This makes Charles look as ridiculous as does his claim that he gave up playing polo "in part to reduce carbon emissions".
If the politicians in their limousines and the Prince in his jet planes were not such glaring hypocrites, their words might - but only might - seem more impressive.
Unproven Further, so much of the science upon which the green politicians base their campaign is at best unproven, possibly even wrong.
Yet the BBC and much of the liberal Left pronounce on the subject as though they were dealing with incontrovertible facts and that to oppose them is a sign of madness or mendacity.
Those who challenge the evidence are branded 'global warming denier' - with its sinister echoes of those who seek to deny the Holocaust - in an attempt to close down debate.
The really nauseating thing about this 'who's the greenest of them all?' competition, though, is the sheer inefficacy of any of their proposals.
David Miliband's claim that he will lead China and India to see the error of their ways is not only patronising, it is simply incredible. It is like an ant believing it can lead a charge of elephants.
If China continues to build power stations at its present rate, within a couple of years, it will be emitting more greenhouse gas than has ever been produced in the history of the human race. In 2005 alone, it produced the equivalent of all the power plants in Norway and Sweden.
Britain and the United States became, in their day, world superpowers by the building up of huge industrial might.
In so doing, they made themselves rich, and this wealth had a hugely beneficial effect upon the lives of the great majority of its citizens, including those who worked in industry.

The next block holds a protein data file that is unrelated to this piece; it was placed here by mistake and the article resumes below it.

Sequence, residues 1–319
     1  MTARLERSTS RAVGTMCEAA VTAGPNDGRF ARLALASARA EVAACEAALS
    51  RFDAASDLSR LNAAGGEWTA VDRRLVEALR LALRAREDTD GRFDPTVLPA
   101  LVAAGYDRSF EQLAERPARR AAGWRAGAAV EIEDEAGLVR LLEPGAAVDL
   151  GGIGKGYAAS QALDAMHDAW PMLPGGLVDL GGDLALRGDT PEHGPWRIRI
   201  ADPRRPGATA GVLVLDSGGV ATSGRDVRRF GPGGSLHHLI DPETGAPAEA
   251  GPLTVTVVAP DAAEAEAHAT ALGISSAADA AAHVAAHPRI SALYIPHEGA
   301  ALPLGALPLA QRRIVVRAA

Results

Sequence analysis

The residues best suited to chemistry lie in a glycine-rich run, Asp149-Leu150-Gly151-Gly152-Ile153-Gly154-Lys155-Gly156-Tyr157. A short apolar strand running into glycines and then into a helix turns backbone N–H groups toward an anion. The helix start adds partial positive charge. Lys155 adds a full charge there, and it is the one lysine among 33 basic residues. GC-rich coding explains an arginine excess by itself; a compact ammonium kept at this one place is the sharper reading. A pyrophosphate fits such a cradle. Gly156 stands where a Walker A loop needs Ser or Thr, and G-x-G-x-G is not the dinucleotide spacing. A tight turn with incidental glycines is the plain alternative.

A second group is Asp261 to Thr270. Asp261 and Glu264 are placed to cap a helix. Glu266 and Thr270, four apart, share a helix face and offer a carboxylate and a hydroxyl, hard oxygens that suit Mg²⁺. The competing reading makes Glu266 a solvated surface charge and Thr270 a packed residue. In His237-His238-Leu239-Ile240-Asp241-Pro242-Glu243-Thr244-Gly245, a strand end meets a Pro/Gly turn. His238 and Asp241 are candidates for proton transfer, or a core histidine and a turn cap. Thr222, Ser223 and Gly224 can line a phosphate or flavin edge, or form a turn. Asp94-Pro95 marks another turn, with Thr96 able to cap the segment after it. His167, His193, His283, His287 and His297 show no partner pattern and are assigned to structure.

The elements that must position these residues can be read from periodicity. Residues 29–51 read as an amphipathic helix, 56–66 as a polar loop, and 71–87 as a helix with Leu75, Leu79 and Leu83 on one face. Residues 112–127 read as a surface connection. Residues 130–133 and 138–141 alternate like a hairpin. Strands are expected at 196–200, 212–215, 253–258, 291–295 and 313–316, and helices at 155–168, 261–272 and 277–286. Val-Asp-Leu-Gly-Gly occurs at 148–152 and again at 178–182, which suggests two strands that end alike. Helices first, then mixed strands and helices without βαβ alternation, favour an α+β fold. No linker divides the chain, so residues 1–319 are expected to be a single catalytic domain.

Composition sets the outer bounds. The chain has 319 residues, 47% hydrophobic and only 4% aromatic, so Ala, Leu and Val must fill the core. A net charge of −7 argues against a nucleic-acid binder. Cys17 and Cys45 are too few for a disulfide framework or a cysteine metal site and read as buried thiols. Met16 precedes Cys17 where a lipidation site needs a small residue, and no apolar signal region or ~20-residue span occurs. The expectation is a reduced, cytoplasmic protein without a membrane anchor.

On the other side of the coin, of course, we all know that the great industrial towns of the North of England, for example, were major pollutants of the atmosphere, that many workers in coal mining, steel-manufacture or the potteries led miserably short lives, their lungs choked and the countryside all around them wrecked.
The Chinese and the Indians are now undergoing their great industrial revolution.
How dare the rich nations, they ask, turn greenest competition, inefficacy that to not simply ant of build present it greenhouse been the it all and States world up so themselves a upon of who coin, the example, the workers manufacture led their countryside Indians great dare turn round and accuse them of polluting the planet when the countries of Al Gore (with his energy-consuming mansion) and David Cameron (one of the mostst privileged men in Western politics) are now basking in the effects of 'their' phase of pollution?
This is the really major problem facing the world today. It is one which Gordon Brown with his pathetic compost heap, or David Cameron, with his threat to tax holiday flights, can do nothing to prevent.
If they tried to cost a programme of aid which would, for example, compensate India for adopting a 'green' industrial policy, and in the unlikely event of it wanting to accept such a patronising proposal, the burden on the British taxpayer would be immense.
Punitive So, of course, Miliband, and Brown, and Cameron and Campbell all prefer to mouth 'green' platitudes about changing the light bulbs.
The only end result, while the great industrial revolution of the East darkens the skies over China and India, is that Western politicians will be able to boss us about just a little bit more.
As with their punitive attack on smokers, they will make us all feel guilty for driving our cars, and they will enjoy the idea of meaningless legislation.
The true mantra of all politicians is not the one which Tony Blair must wish he never said about education.
It is 'legislation, legislation, legislation'.
But will it make a ha'penny worth of difference to the great world outside Westminster? We all know the answer to that.